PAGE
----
|OLD TESTAMENT||NEW TESTAMENT|
|Old Testament |
|Epistles of |
|1 Thess. |
|1 ἔτους τετάρτου βασιλεύοντος Πτολεμαίου καὶ Κλεοπάτρας εἰσήνεγκεν Δωσίθεος ὃς ἔφη εἶναι ἱερεὺς καὶ Λευίτης καὶ Πτολεμαῖος ὁ υἱὸς αὐτοῦ τὴν προκειμένην ἐπιστολὴν τῶν Φρουραι ἣν ἔφασαν εἶναι καὶ ἑρμηνευκέναι Λυσίμαχον Πτολεμαίου τῶν ἐν Ιερουσαλημ|| 1 This document about the feast of Purim, said to have been translated by Lysimachus son of Ptolemy, a native of Jerusalem, was first made public in the fourth year of king Ptolemy and queen Cleopatra, by Dosithaeus, who claimed to be a priest of true Levite descent, and his son, who was also called Ptolemy.
(The remaining twelve verses of this chapter, and the whole of chapter 12, appear in the Septuagint Greek as the introduction to the whole book. In part, they are a duplicate of 2.5, 6, 21-23 above.)
|1 Anno quarto regnantibus Ptolemæo et Cleopatra, attulerunt Dosithæus, qui se sacerdotem et Levitici generis ferebat, et Ptolemæus filius ejus, hanc epistolam phurim, quam dixerunt interpretatum esse Lysimachum Ptolemæi filium in Jerusalem.|
|2 ἔτους δευτέρου βασιλεύοντος Ἀρταξέρξου τοῦ μεγάλου τῇ μιᾷ τοῦ Νισα ἐνύπνιον εἶδεν Μαρδοχαῖος ὁ τοῦ Ιαϊρου τοῦ Σεμεϊου τοῦ Κισαιου ἐκ φυλῆς Βενιαμιν 3 ἄνθρωπος Ιουδαῖος οἰκῶν ἐν Σούσοις τῇ πόλει ἄνθρωπος μέγας θεραπεύων ἐν τῇ αὐλῇ τοῦ βασιλέως 4 ἦν δὲ ἐκ τῆς αἰχμαλωσίας ἧς ᾐχμαλώτευσεν Ναβουχοδονοσορ ὁ βασιλεὺς Βαβυλῶνος ἐξ Ιερουσαλημ μετὰ Ιεχονιου τοῦ βασιλέως τῆς Ιουδαίας 5 καὶ τοῦτο αὐτοῦ τὸ ἐνύπνιον καὶ ἰδοὺ φωναὶ καὶ θόρυβος βρονταὶ καὶ σεισμός τάραχος ἐπὶ τῆς γῆς 6 καὶ ἰδοὺ δύο δράκοντες μεγάλοι ἕτοιμοι προῆλθον ἀμφότεροι παλαίειν καὶ ἐγένετο αὐτῶν φωνὴ μεγάλη 7 καὶ τῇ φωνῇ αὐτῶν ἡτοιμάσθη πᾶν ἔθνος εἰς πόλεμον ὥστε πολεμῆσαι δικαίων ἔθνος 8 καὶ ἰδοὺ ἡμέρα σκότους καὶ γνόφου θλῖψις καὶ στενοχωρία κάκωσις καὶ τάραχος μέγας ἐπὶ τῆς γῆς 9 καὶ ἐταράχθη δίκαιον πᾶν ἔθνος φοβούμενοι τὰ ἑαυτῶν κακὰ καὶ ἡτοιμάσθησαν ἀπολέσθαι καὶ ἐβόησαν πρὸς τὸν θεόν 10 ἀπὸ δὲ τῆς βοῆς αὐτῶν ἐγένετο ὡσανεὶ ἀπὸ μικρᾶς πηγῆς ποταμὸς μέγας ὕδωρ πολύ 11 φῶς καὶ ὁ ἥλιος ἀνέτειλεν καὶ οἱ ταπεινοὶ ὑψώθησαν καὶ κατέφαγον τοὺς ἐνδόξους 12 καὶ διεγερθεὶς Μαρδοχαῖος ὁ ἑωρακὼς τὸ ἐνύπνιον τοῦτο καὶ τί ὁ θεὸς βεβούλευται ποιῆσαι εἶχεν αὐτὸ ἐν τῇ καρδίᾳ καὶ ἐν παντὶ λόγῳ ἤθελεν ἐπιγνῶναι αὐτὸ ἕως τῆς νυκτός||2 On the first day of the month Nisan, in the second year of the great Artaxerxes, a vision came in a dream to Mardochaeus the Benjamite, who was descended from Cis through Jairi and Semei. 3 Although a Jew, he dwelt at Susan, and was a man of consequence in the royal court; 4 he belonged to that band of exiles who were carried off from Jerusalem by Nabuchodonosor, king of Babylon, together with the king of Juda, Jechonias. 5 His dream was this: Mutterings and uproar at first, thunder and earthquake, and commotion all over the world, 6 and from these two dragons disengaged themselves, ready to join battle. 7 Roused by their clamour, the whole world rose to levy war against one innocent nation; 8 it was a time of darkness and of peril, of affliction and sore need, and great fear brooded over all the earth. 9 Then this innocent nation, terrified by the misfortunes which threatened it, already marked down to die, 10 cried out to the Lord. And at their cry, a great river grew out of a little spring, and rolled on in full flood; 11 the sun returned, and the sunlight, the weak triumphed now, and tyranny fell a prey to their onslaught. 12 All this Mardochaeus saw, and rose from his bed still wondering what the divine purpose was; still the vision haunted his mind, and he longed to know what was the meaning of it.||2 Anno secundo, regnante Artaxerxe maximo, prima die mensis Nisan, vidit somnium Mardochæus filius Jairi, filii Semei, filii Cis, de tribu Benjamin: 3 homo Judæus, qui habitabat in urbe Susis, vir magnus, et inter primos aulæ regiæ. 4 Erat autem de eo numero captivorum, quos transtulerat Nabuchodonosor rex Babylonis de Jerusalem cum Jechonia rege Juda. 5 Et hoc ejus somnium fuit: apparuerunt voces, et tumultus, et tonitrua, et terræmotus, et conturbatio super terram: 6 et ecce duo dracones magni, paratique contra se in prælium. 7 Ad quorum clamorem cunctæ concitatæ sunt nationes, ut pugnarent contra gentem justorum. 8 Fuitque dies illa tenebrarum et discriminis, tribulationis et angustiæ, et ingens formido super terram. 9 Conturbataque est gens justorum timentium mala sua, et præparata ad mortem. 10 Clamaveruntque ad Deum: et illis vociferantibus, fons parvus creavit in fluvium maximum, et in aquas plurimas redundavit. 11 Lux et sol ortus est, et humiles exaltati sunt, et devoraverunt inclytos. 12 Quod cum vidisset Mardochæus, et surrexisset de strato, cogitabat quid Deus facere vellet: et fixum habebat in animo, scire cupiens quid significaret somnium.|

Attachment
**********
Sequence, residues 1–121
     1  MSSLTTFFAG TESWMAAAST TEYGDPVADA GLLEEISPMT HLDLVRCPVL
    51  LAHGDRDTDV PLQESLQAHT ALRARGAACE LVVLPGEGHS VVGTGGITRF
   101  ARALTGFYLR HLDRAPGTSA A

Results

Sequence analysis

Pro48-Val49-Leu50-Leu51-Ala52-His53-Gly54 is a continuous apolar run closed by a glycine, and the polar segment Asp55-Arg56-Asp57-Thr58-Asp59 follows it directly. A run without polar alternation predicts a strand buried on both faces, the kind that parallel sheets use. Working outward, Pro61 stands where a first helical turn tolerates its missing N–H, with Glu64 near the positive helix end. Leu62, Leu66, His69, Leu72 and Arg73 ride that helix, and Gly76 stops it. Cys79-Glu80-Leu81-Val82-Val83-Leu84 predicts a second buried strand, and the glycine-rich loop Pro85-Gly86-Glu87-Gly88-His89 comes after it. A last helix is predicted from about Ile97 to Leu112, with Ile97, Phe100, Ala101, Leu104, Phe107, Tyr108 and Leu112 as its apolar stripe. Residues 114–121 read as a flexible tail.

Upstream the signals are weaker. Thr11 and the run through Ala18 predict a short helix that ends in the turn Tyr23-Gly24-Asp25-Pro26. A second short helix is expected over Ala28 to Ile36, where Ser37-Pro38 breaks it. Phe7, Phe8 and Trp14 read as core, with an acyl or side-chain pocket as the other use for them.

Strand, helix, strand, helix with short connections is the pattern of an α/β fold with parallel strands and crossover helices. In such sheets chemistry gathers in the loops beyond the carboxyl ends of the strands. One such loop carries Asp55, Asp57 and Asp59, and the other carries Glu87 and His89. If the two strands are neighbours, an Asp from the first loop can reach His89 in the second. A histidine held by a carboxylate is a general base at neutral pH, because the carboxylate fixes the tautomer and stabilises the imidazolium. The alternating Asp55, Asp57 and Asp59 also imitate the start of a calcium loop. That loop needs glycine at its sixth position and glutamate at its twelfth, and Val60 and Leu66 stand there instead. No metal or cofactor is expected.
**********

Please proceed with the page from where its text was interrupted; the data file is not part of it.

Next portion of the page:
The dating here is obscure. Taken in conjunction with 12.1, this verse seems to imply that the vision was seen after the incidents described in chapter 1 and in chapter 2.1-20. But those incidents began with the third year of the reign, and it is difficult to see how we are still in the second. But probably chapter 12 is a separate fragment of the story, not closely connected with chapter 11 in date. ‘Artaxerxes’ is the Greek translator’s rendering of ‘Assuerus’ throughout this book; the Latin has hitherto given him his Hebrew name Assuerus.
 See note on 2.5 above. Here the reference is clearly to Mardochaeus himself; probably he only ‘belonged’ to the band of exiles carried off in 588 b.c. in the sense of being descended from them.
Knox Translation Copyright © 2013 Westminster Diocese
Nihil Obstat. Father Anton Cowan, Censor.
Imprimatur. +Most Rev. Vincent Nichols, Archbishop of Westminster. 8th January 2012.
Re-typeset and published in 2012 by Baronius Press Ltd